Tag Archive | finance sector

Financial Sector Regulation Bill heralds twin peaks

Twin Peaks underway for financial sector with new Bill……

The Draft Financial Sector Regulation Bill, proposed by national treasury and approved by cabinet in December 2013, has had its public comment period extended to 7 March. This is probably the most important financial legislation to be drafted since the global financial crisis of 2008.

The Bill mandates the South African Reserve Bank (SARB) to promote and maintain financial stability within an agreed policy framework and form a Financial Stability Oversight Committee to assist the SARB to “maintain, protect and enhance financial stability.”

More regulation

The Bill marks the generalised movement towards the recently declared “twin peaks system” of regulating the financial sector which, Treasury says, is founded on the principle of protecting customers more effectively and ensuring that financial institutions are financially sound.

The “twin peaks” system provides for two dedicated regulators: a Prudential Authority to ensure the soundness of financial institutions, and a Market Conduct Authority, to protect customers and ensure financial institutions treat them fairly.

Treasury says that its two recent policy papers responding to lessons learnt in the 2008 global financial crisis – “A Safer Financial Sector to Serve South Africa Better “ released back in and the more recent paper. “A Roadmap for Implementing Twin Peaks Reforms” released in February 2013 – are available on the treasury website.

Financial Stability Oversight Committee

The draft Financial Sector Regulation Bill covers the first phase, which is to establish the two regulatory authorities. The Financial Stability Oversight Committee (FSOC) is to be chaired by the Governor of the Reserve Bank, with appropriate financial stability powers.

Importantly, the Bill provides a legal framework to enhance coordination and cooperation between both regulators and a memorandum of understanding between the two. In particular, the FSOC will ensure a coordinated and immediate response to risks to the stability of the financial system.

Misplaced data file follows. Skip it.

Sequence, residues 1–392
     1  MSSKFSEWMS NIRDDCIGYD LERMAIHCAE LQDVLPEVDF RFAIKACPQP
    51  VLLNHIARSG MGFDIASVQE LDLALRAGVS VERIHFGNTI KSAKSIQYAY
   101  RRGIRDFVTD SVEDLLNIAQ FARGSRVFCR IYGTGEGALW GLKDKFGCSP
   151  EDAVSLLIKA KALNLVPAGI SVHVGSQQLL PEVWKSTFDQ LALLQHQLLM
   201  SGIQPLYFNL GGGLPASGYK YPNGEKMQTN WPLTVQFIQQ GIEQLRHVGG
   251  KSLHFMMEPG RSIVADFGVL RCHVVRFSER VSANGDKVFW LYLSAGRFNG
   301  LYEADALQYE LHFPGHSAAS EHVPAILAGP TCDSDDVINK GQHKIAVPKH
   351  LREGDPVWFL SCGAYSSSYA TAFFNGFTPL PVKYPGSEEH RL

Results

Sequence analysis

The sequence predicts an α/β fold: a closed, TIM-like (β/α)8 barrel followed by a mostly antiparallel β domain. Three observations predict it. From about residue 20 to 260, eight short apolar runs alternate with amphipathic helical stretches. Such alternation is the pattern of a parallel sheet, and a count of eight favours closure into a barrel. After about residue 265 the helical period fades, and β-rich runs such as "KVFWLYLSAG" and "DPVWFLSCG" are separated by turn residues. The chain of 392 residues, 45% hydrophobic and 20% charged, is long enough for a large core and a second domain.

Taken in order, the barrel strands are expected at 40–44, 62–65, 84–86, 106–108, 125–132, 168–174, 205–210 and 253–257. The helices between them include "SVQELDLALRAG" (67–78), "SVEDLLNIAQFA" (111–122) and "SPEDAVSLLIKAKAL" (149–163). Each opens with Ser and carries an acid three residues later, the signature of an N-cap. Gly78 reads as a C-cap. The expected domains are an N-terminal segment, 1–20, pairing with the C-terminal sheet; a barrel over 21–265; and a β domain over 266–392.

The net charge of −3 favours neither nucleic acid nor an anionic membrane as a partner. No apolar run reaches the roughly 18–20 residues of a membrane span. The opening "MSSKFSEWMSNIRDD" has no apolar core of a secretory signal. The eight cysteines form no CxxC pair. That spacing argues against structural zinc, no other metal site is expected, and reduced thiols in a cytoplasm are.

In addition, a Council of Financial Regulators (CFR) will coordinate all regulators, standard-setters and other agencies with a mandate over financial institutions on issues like financial stability, market conduct, competition, legislation, and enforcement, even those not reporting to the department of finance.

Global financial threats

Treasury says in its introduction to the draft Bill that the global financial crisis illustrated the importance of having mechanisms in place to deal with disruptions in the financial system that threaten financial stability. Now, where taxpayers’ money is at risk, the Bill provides for crisis management decisions to be taken by the Minister of Finance.

The Bill also establishes a shared enforcement mechanism, the Financial Services Tribunal, which is aimed at encouraging compliance with all aspects of the new regulatory regime. The Bill enhances existing regulatory and enforcement action powers (such as suspension or withdrawal of licences and approvals; orders to take or cease particular actions; and debarments) of the regulators, Also, it says, it “provides for a robust appeal mechanism”.

The Bill also, by changing the Financial Services Ombuds Schemes Act, seeks to strengthen the ombuds system by putting measures in place to enhance public awareness of the ombud system, requiring all financial institutions to be members of an ombud scheme as part of public protection.

Workshops on the “twin peaks” system have been held by National Treasury for all financial institutions and government financial agencies

Earlier articles on this subject:


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